Get it right and get it beyond the buzzwords…the roots of the “social web” Reply

Not long ago, before it was commonplace for pretty much everyone to have a basic understanding of the Internet, there were some fairly amusing terms flying around. The “Interweb” was one commonly used by those *not* in the “know”.

Years on, I feel the same is happening with social media. I can’t tell you how often I see the term “the social web” or variations of it, most often used in a really misinformed way….as though the “social web” is some sort of new Internet that has recently materialised. Further, the term “Web 2.0” often seems to get thrown in there haphazardly, which is a particular pet peeve of mine. I also often see the terms Web 3.0 and Web 4.0 attached to the term “the social web”.

New social media based sites and applications seem to come out daily, but it’s important to remember that social media is just the good old Internet in action, and that this thing people refer to as “the social web” are examples of various Web 2.0 enabled technologies. Web 2.0 is not a new concept.

What is Web 2.0?

Web 2.0 is a phrase used to describe attributes given web technologies that can facilitate advanced and usually interactive functionality.

A review of Internet-based literature shows two unique phases: Web 1.0 (content delivered to users by producers) and Web 2.0 (content customised to suit the individual, who has the ability to add or publish back to the site/application).

In 2005 Tim O’Reilly wrote the paperĀ What is Web 2.0: Design Patterns and Business Models for the Next Generation Software. His paper claims that Web 2.0 began with a conference brainstorming session between his company O’Reilly, and MediaLive International (2005: 1) and I think his thoughts on Web 2.0 still stand true today.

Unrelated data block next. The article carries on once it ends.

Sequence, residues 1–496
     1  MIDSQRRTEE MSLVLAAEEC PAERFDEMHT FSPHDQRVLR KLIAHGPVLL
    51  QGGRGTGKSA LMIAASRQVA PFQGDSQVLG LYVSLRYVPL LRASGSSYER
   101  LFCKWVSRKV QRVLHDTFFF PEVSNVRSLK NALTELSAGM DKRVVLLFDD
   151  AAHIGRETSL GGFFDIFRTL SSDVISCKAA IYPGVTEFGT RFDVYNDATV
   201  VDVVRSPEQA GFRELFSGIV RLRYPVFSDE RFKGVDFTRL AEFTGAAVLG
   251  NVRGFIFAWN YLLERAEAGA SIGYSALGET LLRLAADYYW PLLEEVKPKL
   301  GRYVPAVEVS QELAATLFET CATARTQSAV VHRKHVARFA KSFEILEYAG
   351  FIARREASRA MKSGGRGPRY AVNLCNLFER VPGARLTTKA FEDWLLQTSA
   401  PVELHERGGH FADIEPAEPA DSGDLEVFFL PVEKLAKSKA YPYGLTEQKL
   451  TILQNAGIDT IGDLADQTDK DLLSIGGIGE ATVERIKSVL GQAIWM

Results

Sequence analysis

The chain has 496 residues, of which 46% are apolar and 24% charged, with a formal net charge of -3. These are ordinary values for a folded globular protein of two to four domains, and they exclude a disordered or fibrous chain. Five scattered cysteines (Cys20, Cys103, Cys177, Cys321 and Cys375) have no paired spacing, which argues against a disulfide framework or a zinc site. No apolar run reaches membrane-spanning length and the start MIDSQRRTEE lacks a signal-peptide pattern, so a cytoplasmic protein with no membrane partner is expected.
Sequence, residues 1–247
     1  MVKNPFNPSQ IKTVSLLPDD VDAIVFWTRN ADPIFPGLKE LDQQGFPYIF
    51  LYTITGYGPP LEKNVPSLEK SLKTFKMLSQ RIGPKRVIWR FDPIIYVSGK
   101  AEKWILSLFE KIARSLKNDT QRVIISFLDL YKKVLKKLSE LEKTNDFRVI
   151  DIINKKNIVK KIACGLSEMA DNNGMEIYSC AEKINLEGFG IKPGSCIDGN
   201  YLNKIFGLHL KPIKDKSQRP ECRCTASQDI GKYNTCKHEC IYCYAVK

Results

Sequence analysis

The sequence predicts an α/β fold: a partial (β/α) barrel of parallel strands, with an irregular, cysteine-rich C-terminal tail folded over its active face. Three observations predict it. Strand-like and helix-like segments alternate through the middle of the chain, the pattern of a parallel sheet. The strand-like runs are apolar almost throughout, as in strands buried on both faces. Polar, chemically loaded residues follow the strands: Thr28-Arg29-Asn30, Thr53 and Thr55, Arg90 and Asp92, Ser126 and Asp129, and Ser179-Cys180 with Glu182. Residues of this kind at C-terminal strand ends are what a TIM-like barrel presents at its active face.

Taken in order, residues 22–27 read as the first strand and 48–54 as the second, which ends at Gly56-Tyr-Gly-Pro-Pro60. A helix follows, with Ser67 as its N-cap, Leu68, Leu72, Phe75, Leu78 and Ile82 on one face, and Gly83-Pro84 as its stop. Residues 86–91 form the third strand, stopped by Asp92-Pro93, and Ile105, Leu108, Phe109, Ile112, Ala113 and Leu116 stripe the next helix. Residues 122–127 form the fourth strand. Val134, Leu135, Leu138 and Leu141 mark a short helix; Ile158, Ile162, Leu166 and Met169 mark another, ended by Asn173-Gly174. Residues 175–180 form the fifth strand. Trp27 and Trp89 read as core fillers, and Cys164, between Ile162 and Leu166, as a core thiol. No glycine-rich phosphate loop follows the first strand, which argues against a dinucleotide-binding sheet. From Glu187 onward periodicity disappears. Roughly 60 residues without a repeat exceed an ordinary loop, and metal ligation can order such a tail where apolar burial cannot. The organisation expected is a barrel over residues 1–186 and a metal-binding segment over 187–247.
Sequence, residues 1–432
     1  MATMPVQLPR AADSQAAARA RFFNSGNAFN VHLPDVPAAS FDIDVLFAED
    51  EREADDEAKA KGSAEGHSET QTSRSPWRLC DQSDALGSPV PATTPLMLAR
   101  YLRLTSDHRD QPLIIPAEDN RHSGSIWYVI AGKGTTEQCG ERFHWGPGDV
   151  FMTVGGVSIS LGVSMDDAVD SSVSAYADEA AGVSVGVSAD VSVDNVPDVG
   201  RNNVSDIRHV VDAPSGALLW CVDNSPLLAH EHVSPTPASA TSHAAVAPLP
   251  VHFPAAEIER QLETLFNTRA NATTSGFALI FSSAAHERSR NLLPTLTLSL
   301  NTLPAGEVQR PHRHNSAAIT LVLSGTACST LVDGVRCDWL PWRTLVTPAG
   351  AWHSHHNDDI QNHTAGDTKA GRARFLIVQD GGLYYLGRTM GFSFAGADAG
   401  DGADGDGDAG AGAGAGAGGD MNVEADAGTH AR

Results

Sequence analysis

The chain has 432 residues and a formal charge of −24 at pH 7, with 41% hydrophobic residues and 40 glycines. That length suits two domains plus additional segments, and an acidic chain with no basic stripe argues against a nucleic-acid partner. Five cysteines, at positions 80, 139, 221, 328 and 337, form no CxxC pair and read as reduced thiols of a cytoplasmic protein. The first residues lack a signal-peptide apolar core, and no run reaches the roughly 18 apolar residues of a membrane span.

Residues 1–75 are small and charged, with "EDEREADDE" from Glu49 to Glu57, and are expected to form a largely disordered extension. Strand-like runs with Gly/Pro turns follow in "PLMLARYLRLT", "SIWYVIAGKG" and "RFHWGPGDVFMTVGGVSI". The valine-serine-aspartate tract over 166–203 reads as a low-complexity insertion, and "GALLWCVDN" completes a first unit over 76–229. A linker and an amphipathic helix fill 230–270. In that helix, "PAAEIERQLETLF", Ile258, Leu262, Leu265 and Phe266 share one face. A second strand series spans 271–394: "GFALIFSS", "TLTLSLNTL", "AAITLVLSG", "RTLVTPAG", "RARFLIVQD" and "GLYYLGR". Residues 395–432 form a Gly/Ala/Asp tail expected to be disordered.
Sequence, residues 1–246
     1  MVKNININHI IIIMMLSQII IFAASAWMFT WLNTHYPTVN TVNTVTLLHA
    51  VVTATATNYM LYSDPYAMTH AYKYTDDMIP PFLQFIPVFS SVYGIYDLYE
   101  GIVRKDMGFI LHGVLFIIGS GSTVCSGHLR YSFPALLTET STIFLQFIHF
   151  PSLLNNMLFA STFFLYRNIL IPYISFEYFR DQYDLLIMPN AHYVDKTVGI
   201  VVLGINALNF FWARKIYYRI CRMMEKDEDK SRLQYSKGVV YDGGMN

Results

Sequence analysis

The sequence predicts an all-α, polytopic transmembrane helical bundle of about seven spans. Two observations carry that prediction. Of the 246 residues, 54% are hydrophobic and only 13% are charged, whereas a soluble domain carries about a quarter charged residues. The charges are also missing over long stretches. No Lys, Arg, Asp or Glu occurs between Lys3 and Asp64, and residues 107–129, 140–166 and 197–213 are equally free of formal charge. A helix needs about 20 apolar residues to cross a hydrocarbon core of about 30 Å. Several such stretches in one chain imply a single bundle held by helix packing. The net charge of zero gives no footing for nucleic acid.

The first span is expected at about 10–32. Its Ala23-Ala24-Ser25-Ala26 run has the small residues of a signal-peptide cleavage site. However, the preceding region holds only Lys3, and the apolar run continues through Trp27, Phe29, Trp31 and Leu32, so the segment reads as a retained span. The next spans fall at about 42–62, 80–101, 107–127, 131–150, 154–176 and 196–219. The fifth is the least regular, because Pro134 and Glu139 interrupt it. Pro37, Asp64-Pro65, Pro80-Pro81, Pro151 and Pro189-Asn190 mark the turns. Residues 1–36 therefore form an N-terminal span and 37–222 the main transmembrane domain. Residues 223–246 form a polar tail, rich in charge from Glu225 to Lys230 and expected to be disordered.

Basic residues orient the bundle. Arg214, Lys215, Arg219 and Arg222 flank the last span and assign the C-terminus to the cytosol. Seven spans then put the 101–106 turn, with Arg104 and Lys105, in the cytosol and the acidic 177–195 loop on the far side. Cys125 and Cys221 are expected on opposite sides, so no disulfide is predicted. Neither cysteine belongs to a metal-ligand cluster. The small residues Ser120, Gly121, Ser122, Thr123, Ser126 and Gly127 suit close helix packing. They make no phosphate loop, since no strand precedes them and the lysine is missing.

Importantly, O’Reilly worked to define the term “Web 2.0” beyond the buzzword stage. In his definition, he uses the example of BitTorrent, which is a free, open source file sharing application. The application uses the bandwidth of those trying to download it so that effectively, the more popular the file, the faster it can be served and downloaded (2005:5). His point in using this example is to show that the the difference between Web 1.0 and Web 2.0 is that Web 2.0 services automatically get better the more people use them.

Adding to the defintion later on in the paper, O’Relly writes:

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The top excuse for a lapse in blogging is…… Reply

A new baby šŸ˜®

Our little Ava was born 8 weeks early and had to spend a week in the NICU followed by two weeks in the special care baby unit at Homerton Hospital in London.

She is still three weeks away from her due date but is now home and keeping both of her parents up around the clock…we are sleepless but head over heels šŸ˜®

“Normality” as I know it has changed, but I aim to get back to a more frequent blogging schedule from here on in.

Your blog: Integration or Separation? Part II: Separation Reply

InĀ Your blog: Integration or Separation? Part I: Integration, I explained why I think individuals and companies should almost always integrate their blogs with their websites.

The reasons for separating your blog from your website are few and far between, but they do exist.

When should you separate your blog from your website?

There are three reasons why it may sometimes be useful to create a blog that lives outside of the confines of your domain:

1. To create a “topic”. What do you sell? When prospective buyers Google your product or service, what do the search results look like? Hopefully your website *does* come up in the first few search results, but looking beyond your site, what else do you see?

If you have no competitors and no other sites of any relevance towards your product or service appear in these search results, it is time to ask yourself “do people really need what I am trying to sell?” More…